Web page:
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To Winter

for John Keats

Where are the songs of spring? Now moving west
All of us are into winter finally:
Threadbare, lackluster, shorn-sheer, and with a limp
Stepping down to die flatly, not climb.

Ay, where are they? Not only songs for asking
But every living composition called
A person, whose note’s sounded but bungled,
Like hare-lips hissing through a blocked bugle.

Thy music too. And mine. No eastern promise
Revives what in the west is now flat out:
Each tune is lifeless, each mind is mental,
The dead impermanent inspiring doggerel.

Or sinking as the light extinctly dies.
Instruments are just a-jangle, but sound
Hardly matters when poetry’s aground

Still waiting past winter some surprise.

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Against Troy

Standing on a plain
Unhelped by any elevation,
His mission before is clear:
Civilisation again.

In the distance is far
Along with city walls’ projection
Up, out, warning Beware
This journeying means war.

Weeping with back turned
So none might see or share his sorrow,
Being discouraged thereby
When what is can’t be returned,

Achilles without
More murmur—his poetry in mind—
With Myrmidons moves
Against Troy with one great shout.

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Both poems first published in The Other Side Collection from Hesperus Press, 1985

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James Sale has had over 50 books published, most recently, “Mapping Motivation for Top Performing Teams” (Routledge, 2021). He has been nominated by The Hong Kong Review for the 2022 Pushcart Prize for poetry, has won first prize in The Society of Classical Poets 2017 annual competition, and performed in New York in 2019. He is a regular contributor to The Epoch Times. His most recent poetry collection is “HellWard.” For more information about the author, and about his Dante project, visit https://englishcantos.home.blog


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25 Responses

  1. Damian Robin

    Dear James, or Mike, or whoever who,

    There is something amiss, I must tell you,
    at the start of stanza three.

    Perhaps it is only that “thy music too”
    is missing a capital ‘T’.

    Reply
      • Mike Bryant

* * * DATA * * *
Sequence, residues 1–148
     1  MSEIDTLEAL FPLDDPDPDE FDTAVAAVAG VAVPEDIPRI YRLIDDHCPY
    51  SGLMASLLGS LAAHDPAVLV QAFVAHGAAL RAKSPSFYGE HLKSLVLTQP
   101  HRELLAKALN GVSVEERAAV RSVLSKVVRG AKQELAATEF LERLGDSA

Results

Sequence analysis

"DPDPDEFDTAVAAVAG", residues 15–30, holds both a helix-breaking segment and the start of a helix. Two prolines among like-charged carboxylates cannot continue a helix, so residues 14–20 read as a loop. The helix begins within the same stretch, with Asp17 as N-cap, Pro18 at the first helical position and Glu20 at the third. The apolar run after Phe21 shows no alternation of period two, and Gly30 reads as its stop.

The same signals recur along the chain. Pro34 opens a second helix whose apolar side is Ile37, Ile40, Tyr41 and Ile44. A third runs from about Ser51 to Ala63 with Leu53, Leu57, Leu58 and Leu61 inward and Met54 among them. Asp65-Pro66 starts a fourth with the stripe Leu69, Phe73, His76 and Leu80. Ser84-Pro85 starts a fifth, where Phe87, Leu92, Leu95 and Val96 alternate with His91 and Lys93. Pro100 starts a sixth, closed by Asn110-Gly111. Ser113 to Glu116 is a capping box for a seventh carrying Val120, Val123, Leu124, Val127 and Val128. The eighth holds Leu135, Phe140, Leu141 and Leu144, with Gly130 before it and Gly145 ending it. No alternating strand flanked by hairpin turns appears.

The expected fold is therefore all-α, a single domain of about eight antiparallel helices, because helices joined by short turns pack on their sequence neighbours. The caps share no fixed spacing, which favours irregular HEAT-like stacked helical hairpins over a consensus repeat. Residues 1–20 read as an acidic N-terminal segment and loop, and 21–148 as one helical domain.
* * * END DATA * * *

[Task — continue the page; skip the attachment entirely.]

Hey, James… I just fixed the typo. I would love to hear you read these out loud. Mike

      • James Sale

        I see – I only saw the fix – and so thought I hadn’t made a mistake! But now I come to really look at it, I have to say I didn’t in the first place (although no need to change back, Mike!) Evan has correctly posted the poem I submitted to him and ‘thy’ is without a capital letter, although it starts the line. Why? Because all 4 italicised lines are from the last stanza of Keats’ To Autumn and whereas 3 of them do have capitals, the phrase ‘thy music too’ does not – so who am I to change a jot of Keats? I wanted to keep the quotation exactly as Keats wrote it; so thanks Damian, but as is so often the case, the poet has a logic other than grammatical formality. But it’s not a big deal, and so leave it if you want, Mike. And thanks for the offer: I shall get a recording of both to you shortly. What fun! And the recording won’t distinguish between capital or not, hey-ho!

  2. Michael Pietrack

    This was phenomenal:

    “Or sinking as the light extinctly dies.
    Instruments are just a-jangle, but sound
    Hardly matters when poetry’s aground“

    I too would love to hear you read these, especially the first poem. I can hear you reading stanza one with slow acceptance.

    I liked the word choice on flatly. One dies flat of course, but also music falls flat and voices sing flatly. Pregnant with meaning!

    Hare-lips hissing also gave me that smile of a reader’s satisfaction.

    You’re a master for a reason…

    Reply
    • James Sale

      Thanks Michael – really appreciate these warm comments and will seek to get an audio done soon. ‘Flatly’ is a curiously flat word and I’d like to think it’s position is improved by being where it is rather than splitting the infinitive: to flatly die! Best wishes.

      Reply
  3. The Mindflayer